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A report carried out by the International Transport Forum (ITF) says Sweden is at the forefront of decarbonisation of maritime transport; however, more work is needed if the country is to achieve its goal of zero-carbon shipping by 2050.


The report found the Swedish shipping industry has been ‘very active in decarbonising shipping’, and highlighted several innovative green vessel projects.

‘Stena Line runs a ferry on methanol; Sirius Shipping has developed a ship-to-ship LNG bunkering vessel; numerous Swedish shipping companies - such as Terntank, Erik Thun and Rederi Gotland – have pioneered services with LNG-propelled vessels; and both HH Ferries and Green City Ferries have introduced electric ships,’ the report said.

Despite these positive developments, the report determined that more is needed if the sector wants to achieve its goal of zero-carbon shipping by 2050.

‘The major challenge is how to upscale current initiatives and obtain more finance and policy support, both nationally and globally.’

Accordingly, the report suggested that the Swedish government could upscale financial tools and incentives to decarbonise maritime transport.

‘Notably, it could facilitate a green ship financing instrument. It could also include decarbonisation in the mission of the state-owned shipping bank Skeppshypothek. A CO2 Fund for shipping could also be developed, analogous to Norway’s NOx Fund. The government could also make the taxation system more favourable to decarbonising shipping, including in relation to electricity taxation.’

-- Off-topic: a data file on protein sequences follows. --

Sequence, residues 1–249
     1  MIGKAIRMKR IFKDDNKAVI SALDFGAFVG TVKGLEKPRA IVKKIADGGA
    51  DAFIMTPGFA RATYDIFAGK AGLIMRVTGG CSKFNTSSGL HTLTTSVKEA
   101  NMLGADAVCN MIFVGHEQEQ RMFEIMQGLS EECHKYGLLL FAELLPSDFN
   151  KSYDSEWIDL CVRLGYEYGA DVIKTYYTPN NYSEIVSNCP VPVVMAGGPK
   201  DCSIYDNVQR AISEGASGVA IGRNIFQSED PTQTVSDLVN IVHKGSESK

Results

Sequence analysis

It was also recommended that the Swedish government bring its shipping-related policies in line with its ambitious climate targets.

‘For instance, it could introduce decarbonisation as a criterion in government procurement of shipping services, for example to remote islands and for urban public transport. It could also reconsider the recent fairway dues reform in order to increase incentives for green shipping and support platforms such as Zero Vision Tool to encourage stakeholder co-operation.

‘Finally, it could stimulate an optimisation of supply chains, e.g. by better demand/supply matching via freight data from the Swedish Transport Administration.’

The Swedish government was also recommended to do more to disseminate the country’s practices in the decarbonisation of maritime transport on a more global level.

‘For instance, Sweden could help improve supply chain efficiency by pushing for more vessel sharing through the use of HELCOM data. Sweden could also showcase national best practices internationally and submit proposals to the International Maritime Organization (IMO) that would help Swedish ship owners to de-carbonise. It could also focus on stimulating outcome-driven regulation at the IMO level, similar to the approach that has delivered some of the achievements in Sweden.

‘Finally, Sweden could push for a simplification of European Investment Bank (EIB) procedures for EU loans for low-carbon shipping.’

GLOBAL: New report highlights the challenges decarbonisation poses to ship finance

GLOBAL: Industry-led task force pushes for decarbonisation urgency


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